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The return of the aperitivo PDF Print E-mail
Nov 17, 2008 at 04:51 PM

First published by Momondo.
Even though her studio is only three blocks away, I haven't seen my friend Gloria Argelés in ages. I don't really feel like going out to dinner (for most locals the 30 euro per person minimum you end up spending in a restaurant has gotten to be a turn-off) So what to do? Increasingly, I do as the Italians do. I call Gloria, an Argentine sculptress, and invite her to meet me for an aperitivo at Ombre Rosse, the nearby café where, as elsewhere in Rome, the aperitivo, a long-standing Italian tradition which for a time had sort of gone into eclipse, is back in swing, with the welcom addition of lots and lots of free food (you pay only for your drinks).

Here, as in cafés throughout the Italian capital, people are sitting sipping brightly-colored drinks, chatting and frankly appraising their neighbors, something that back in the U.S. would be considered unacceptable staring but here on the continent is a normal part of wordless social discourse.

The young and always pleasant servers at Ombre Rosse, say these days the aperitivo of choice chez eux is a "spritz" . which they make with white wine, soda and a splash of the orange-colored, non-alcoholic Aperol , or the house aperitivo, a delicioius concoction of orange juice, Campari and Aperol. Looking around me, however, I see many people are, like Gloria, opting instead for a plain old glass of sparkling "Prosecco", or have selected a Margherita or one of the more old-fashioned "aperitivi", such as the improbably bright-yellow non-alcoholic Crodino. I myself go for the more traditional stuff. No Brazilian Caipirinhas or Cuban Mojitos for me. If I'm not worried about staying up late, I'll choose a Negroni (vermouth, gin and Campari over ice) or else my alternative favourite, a Campari Bitter over ice with a slice of orange.

The idea of the aperitivo is supposed to be that of stimulating your appetite (although, you may ask, how many people visiting in Italy really need to make an effort to get their gastric motors going before dining) or, alternatively, breaking the ice (no pun intended) with one's fellow diners before actually sitting down to a meal. Some say the tradition goes back to ancient Roman times, but in more recent Italian times it's appearance in generally traced to Turin in 1796 when Anronio Benedetto Carpano invented his vermouth drink, Carpano, later rebaptised "Punt e Mes" by Italian King Victor Emanuel II.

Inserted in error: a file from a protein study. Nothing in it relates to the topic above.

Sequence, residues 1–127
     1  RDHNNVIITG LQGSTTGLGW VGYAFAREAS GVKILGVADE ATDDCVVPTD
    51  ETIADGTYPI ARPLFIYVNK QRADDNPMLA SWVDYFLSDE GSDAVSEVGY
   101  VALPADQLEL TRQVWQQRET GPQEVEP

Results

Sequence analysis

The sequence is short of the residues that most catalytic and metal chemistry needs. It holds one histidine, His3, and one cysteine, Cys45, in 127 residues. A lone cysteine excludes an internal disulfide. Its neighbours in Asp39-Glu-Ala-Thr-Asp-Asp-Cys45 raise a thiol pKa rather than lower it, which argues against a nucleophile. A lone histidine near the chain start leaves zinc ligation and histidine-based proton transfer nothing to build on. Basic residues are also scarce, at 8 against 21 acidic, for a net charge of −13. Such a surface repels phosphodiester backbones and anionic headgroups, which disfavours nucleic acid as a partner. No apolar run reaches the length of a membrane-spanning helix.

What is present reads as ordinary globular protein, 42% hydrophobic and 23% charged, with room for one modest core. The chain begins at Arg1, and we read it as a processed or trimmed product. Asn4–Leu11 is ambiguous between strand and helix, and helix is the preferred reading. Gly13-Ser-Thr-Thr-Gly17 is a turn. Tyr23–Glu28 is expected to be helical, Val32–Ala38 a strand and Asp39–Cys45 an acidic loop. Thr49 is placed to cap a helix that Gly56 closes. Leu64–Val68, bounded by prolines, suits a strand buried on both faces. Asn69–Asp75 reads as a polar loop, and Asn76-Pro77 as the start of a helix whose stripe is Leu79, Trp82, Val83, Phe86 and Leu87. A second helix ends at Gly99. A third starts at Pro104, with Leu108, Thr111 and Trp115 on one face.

Others insist the tradition is more Milanese, pointing to the fact that Milan is where the Ramazzotti brothers invented their "amaro", mixing 33 herbs and roots in an alcohol base and where the Martini family came up with their vermouth drinks, first Martini bianco and then Martini dry.

Whatever the history, the aperitivo tradition is now back in full swing especially because instead of the rather boring peanuts, pretzels and potato chips of yesterday, you are now more often than not offered a whole slew of nibbles to get your gastric juices in full working order. At Ombre Rosse in Piazza S. Egidio in Trastevere, the buffet runs from 7p.m. to 9 p.m. You only pay for your drinks, but if you are feeling peckish you head for the bar where the counter holds dishes of cous-cous, tomato, celery and bean salads, small pizzette, salami, breads, carrots and celery sticks etc etc etc. And you can fill your plate as many times as you like.

Every cafè in Rome, of course has it's own style and there are the more or less generous offerings at the cafés in Trastevere's very pricey Piazza Navona or the tourist-filled Piazza della Rotonda, facing the magnificent 2nd century Pantheon, where - it should be remembered - you can combine your pre-dinner (or pre-lunch drink) with an important visual experience. Some might like to join the in-crowd at Ciampini at Piazza in Lucina off the Corso or at one of the cafés in Piazza delle Coppelle, between the Pantheon and the Italian Senate. And if you prefer elegance, you can always decide to enjoy your aperitivo on the terraces of patios of luxury hotels such as the Raphael, the Minerva, the de Russie, the Eden or the Forum. And further a field, the Red Bar near the Auditorium, Rome's symphonic orchestra hall charges 10 euros and provides enough hot snacks for a small army.

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